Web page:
A Love Letter to Denver From the Westword Music Showcase

Wheelchair Sports Camp and friends march from City Hall to La Rumba.
Wheelchair Sports Camp and friends march from City Hall to La Rumba.
Brandon Marshall

It’s easy to think that the Denver music scene is small and insular. If you go to enough local shows, you start to expect to see the same people at every one, and suddenly you find yourself staring at a bartender one night, unsure if you recognize him because you frequent that bar or because he’s in one or like seven bands you see regularly. But that analysis of the Denver music scene — that it's small — and Denver as a city, are inaccurate. There was proof over the weekend at the vast, diverse, and near-perfect summer party that is the Westword Music Showcase.

The Westword Music Showcase brought 100-plus Colorado bands and some touring headliners to fifteen stages at various bars, restaurants and clubs in the Golden Triangle neighborhood. Wandering between spaces, trying to catch bands we love and bands we never heard before, something struck us. Denver as a city, and the music scene within it, is not the same six bands and the same twenty fans you always see at the hi-dive or Larimer Lounge on the weekends. Denver is a mass array of clubs, venues, bars and even Mexican restaurants that are all too eager to open their doors to the day-drinkers and music-makers of this city. Denver is Bannock Street Garage, packed to the brim with sweaty, happy punks who are all excited to shout “fuck yeah!” when you ask if they are having a good time. It’s the kids who danced their faces off in a sweltering parking lot to Wave Racer. It’s also the people lounging on a rooftop at an unofficial showcase party, reminiscing about the bands they saw that day and watching the sunset over the skyline, before returning to the massive crowd ready to lose their minds to Flume.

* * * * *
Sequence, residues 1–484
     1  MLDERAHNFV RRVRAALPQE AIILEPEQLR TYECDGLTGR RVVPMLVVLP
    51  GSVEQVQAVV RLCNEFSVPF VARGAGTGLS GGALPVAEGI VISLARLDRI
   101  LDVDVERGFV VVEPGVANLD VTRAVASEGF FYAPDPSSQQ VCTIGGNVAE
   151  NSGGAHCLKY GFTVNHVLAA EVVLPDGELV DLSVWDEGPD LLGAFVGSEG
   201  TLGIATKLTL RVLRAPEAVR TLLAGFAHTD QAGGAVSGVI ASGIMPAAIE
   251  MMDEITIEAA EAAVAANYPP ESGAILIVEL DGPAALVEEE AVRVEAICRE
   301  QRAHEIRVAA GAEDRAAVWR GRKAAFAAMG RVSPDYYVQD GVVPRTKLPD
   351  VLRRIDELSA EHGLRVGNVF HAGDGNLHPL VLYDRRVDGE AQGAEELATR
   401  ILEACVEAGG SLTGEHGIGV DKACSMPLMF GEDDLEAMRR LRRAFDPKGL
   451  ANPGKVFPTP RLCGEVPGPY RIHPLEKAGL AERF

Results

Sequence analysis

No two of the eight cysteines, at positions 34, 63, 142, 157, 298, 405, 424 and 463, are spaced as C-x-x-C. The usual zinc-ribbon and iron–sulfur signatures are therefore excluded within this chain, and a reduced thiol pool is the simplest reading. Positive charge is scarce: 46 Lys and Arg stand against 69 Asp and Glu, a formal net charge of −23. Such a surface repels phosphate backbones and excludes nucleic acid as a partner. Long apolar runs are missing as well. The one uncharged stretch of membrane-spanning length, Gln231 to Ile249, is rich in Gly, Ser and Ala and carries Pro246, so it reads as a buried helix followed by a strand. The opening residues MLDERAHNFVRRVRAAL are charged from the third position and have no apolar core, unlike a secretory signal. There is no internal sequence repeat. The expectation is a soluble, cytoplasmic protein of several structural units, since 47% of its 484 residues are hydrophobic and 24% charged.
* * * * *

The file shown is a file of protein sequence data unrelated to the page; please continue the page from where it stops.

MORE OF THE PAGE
When people talk about Denver, and the music scene, the words “vibrant,” “active,” and “huge” get thrown around. Those aren’t just tourism marketing buzz words. Denver is thousands of people descending onto a few block radius to have beers with friends and listen to the music that gets created in their own backyard. People might call Denver a desert island, and if they think that, then we’ll be the first ones to push them off the island in a makeshift raft with a anthropomorphized volleyball. Denver is an oasis, a haven, the Queen City on the Plains. It is the city where people from every social group and every class and every age come together to enjoy the music and culture they so love.

Church Fire played a mesmerizing set at Stoney’s early in the afternoon. One half of the duo obscured his face with a giant scarf, the other wore a flowered head-piece. Their gothic synth-pop is tense and intriguing, like being in a dream you feel might turn into a nightmare at any moment, yet you refuse to wake yourself up, curious about where it may go next. In the crowd was a tank-top clad bro in reflective sunglasses. A green-haired girl hula-hooped next to the stage. Feet away, a couple played skee-ball, stopping every few minutes to dance to the beats emitting from the light up synths. A girl wearing all leather (like Arrested Development style leather-daddy leather) stood front and center in the crowd. Nearby soccer fans split their attention between some international game and the captivating set.

That is Denver: All those people coming together to witness something weird and wonderful that half of them had probably never heard before. There are few better places to see it than the Westword Music Showcase. We'll see you next year!


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